You must be aware that this involves excommunication. For them, ignorance of canon law is an excuse. State in your letter that you are aware of this, that you know what the consequences are and that this is what you wish to happen.

You have to be a Roman Catholic. Obviously. In your letter, make them aware of this by telling them the parish where you were baptised and the date.

They have a duty to other Roman Catholics. Your mental state is something that no one knows except you. You are the only expert on your own non-religious status. They have a duty to inform other Roman Catholics about this change in you so that they do not mishandle their dealings with you. In terms of marriage, communion, death and so on, you should be treated as a non-Catholic. If they fail to do this, they are not dealing fairly with the Catholics in their charge.

You can probably start by sending in a polite written request. Simply write and give the information about the place and date of your baptism, state that you no longer consider yourself to be a Catholic, (or Lutheran, or Methodist) and wish to have your name removed from the church records. This has worked in the case of the Lutheran Evangelical Church. If they write back, refusing to remove your name, you can reply, using the example below to convince them that you really deserve to be excommunicated.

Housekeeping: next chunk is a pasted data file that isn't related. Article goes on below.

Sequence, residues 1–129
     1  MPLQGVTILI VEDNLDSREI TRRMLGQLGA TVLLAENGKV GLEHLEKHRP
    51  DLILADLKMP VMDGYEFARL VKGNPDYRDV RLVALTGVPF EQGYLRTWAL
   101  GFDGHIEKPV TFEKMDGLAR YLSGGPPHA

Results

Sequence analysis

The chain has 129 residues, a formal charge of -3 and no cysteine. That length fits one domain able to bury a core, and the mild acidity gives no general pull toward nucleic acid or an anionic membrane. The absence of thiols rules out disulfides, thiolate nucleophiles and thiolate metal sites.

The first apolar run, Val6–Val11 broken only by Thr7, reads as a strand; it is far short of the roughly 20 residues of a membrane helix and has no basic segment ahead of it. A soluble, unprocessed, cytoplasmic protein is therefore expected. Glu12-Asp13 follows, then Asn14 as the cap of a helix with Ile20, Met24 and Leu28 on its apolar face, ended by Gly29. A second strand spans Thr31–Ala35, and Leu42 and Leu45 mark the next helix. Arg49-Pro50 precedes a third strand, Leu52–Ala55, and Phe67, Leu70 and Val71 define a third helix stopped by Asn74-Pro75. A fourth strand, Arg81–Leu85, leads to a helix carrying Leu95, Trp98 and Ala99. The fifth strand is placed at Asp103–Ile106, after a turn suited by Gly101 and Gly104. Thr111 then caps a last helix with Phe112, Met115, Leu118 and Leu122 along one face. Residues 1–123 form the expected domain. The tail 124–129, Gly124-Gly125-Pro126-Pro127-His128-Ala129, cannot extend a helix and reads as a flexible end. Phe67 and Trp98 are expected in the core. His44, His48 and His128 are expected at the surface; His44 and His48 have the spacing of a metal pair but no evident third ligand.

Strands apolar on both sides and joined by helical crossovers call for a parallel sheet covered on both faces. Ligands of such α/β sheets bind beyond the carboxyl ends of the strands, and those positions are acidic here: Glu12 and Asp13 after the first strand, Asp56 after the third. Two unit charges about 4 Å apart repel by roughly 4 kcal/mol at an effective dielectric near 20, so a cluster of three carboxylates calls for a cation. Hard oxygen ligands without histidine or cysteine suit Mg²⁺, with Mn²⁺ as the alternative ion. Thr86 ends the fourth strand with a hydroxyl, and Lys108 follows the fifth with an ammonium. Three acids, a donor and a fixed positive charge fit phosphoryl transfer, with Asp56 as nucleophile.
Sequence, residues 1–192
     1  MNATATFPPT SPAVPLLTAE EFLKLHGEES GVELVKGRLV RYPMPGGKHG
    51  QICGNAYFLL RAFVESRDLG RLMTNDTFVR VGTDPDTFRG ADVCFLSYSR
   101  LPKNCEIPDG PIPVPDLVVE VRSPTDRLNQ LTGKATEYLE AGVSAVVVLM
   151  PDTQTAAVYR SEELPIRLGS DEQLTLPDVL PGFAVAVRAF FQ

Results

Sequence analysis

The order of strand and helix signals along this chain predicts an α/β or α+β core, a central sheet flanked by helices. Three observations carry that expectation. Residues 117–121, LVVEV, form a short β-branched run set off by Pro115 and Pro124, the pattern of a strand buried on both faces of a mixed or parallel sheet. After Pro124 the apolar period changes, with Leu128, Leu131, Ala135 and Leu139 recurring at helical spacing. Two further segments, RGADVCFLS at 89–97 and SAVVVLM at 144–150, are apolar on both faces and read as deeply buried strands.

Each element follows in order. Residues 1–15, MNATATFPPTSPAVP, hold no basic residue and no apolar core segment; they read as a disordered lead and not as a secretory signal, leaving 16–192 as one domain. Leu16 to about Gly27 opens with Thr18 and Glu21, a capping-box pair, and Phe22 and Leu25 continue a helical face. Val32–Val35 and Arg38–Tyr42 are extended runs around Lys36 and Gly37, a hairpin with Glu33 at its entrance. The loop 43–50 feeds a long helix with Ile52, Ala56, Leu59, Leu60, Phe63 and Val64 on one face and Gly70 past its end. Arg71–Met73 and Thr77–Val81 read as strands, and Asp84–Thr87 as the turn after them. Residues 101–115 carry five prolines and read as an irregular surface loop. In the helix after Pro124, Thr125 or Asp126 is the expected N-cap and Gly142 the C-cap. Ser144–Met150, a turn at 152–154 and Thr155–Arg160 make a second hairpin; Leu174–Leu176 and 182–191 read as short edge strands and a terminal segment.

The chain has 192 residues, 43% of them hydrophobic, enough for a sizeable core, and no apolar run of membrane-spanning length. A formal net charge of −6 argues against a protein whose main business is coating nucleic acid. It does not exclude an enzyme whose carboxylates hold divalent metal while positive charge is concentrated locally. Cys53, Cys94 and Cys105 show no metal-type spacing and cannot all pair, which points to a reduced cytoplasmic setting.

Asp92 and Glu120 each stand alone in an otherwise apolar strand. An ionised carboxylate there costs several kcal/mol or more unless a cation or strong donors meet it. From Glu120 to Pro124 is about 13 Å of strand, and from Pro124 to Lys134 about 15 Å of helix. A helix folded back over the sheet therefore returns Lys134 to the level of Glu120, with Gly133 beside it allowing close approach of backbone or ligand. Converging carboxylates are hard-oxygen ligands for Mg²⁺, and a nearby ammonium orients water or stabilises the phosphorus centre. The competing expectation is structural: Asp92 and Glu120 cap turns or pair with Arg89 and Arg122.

Fill out the handy form below and send it in to your local priest. This may only get things started. Be prepared to continue for a long time. Remember: each person who does this makes it easier for the next person. The point is to take power away from the churches, and to convince politicians to take the views, needs and requirements of atheists and humansists into account.